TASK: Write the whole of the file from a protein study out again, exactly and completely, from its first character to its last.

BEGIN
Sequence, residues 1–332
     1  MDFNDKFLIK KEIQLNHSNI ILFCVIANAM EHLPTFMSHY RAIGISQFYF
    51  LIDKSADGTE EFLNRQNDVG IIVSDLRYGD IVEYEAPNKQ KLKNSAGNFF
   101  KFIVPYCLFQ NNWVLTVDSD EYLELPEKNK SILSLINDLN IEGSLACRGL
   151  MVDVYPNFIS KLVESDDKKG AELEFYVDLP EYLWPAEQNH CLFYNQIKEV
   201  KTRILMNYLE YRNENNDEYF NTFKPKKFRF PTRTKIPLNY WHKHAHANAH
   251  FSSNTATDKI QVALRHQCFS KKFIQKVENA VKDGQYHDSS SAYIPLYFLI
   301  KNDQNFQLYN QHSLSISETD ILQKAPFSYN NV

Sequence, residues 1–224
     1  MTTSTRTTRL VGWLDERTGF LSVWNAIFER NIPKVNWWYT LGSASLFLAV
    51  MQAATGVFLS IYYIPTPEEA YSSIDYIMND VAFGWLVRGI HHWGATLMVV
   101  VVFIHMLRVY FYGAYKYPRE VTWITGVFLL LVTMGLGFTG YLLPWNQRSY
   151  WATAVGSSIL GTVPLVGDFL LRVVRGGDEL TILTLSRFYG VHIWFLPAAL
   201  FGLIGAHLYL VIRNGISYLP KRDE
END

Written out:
Sequence, residues 1–332
     1  MDFNDKFLIK KEIQLNHSNI ILFCVIANAM EHLPTFMSHY RAIGISQFYF
    51  LIDKSADGTE EFLNRQNDVG IIVSDLRYGD IVEYEAPNKQ KLKNSAGNFF
   101  KFIVPYCLFQ NNWVLTVDSD EYLELPEKNK SILSLINDLN IEGSLACRGL
   151  MVDVYPNFIS KLVESDDKKG AELEFYVDLP EYLWPAEQNH CLFYNQIKEV
   201  KTRILMNYLE YRNENNDEYF NTFKPKKFRF PTRTKIPLNY WHKHAHANAH
   251  FSSNTATDKI QVALRHQCFS KKFIQKVENA VKDGQYHDSS SAYIPLYFLI
   301  KNDQNFQLYN QHSLSISETD ILQKAPFSYN NV

Sequence, residues 1–224
     1  MTTSTRTTRL VGWLDERTGF LSVWNAIFER NIPKVNWWYT LGSASLFLAV
    51  MQAATGVFLS IYYIPTPEEA YSSIDYIMND VAFGWLVRGI HHWGATLMVV
   101  VVFIHMLRVY FYGAYKYPRE VTWITGVFLL LVTMGLGFTG YLLPWNQRSY
   151  WATAVGSSIL GTVPLVGDFL LRVVRGGDEL TILTLSRFYG VHIWFLPAAL
   201  FGLIGAHLYL VIRNGISYLP KRDE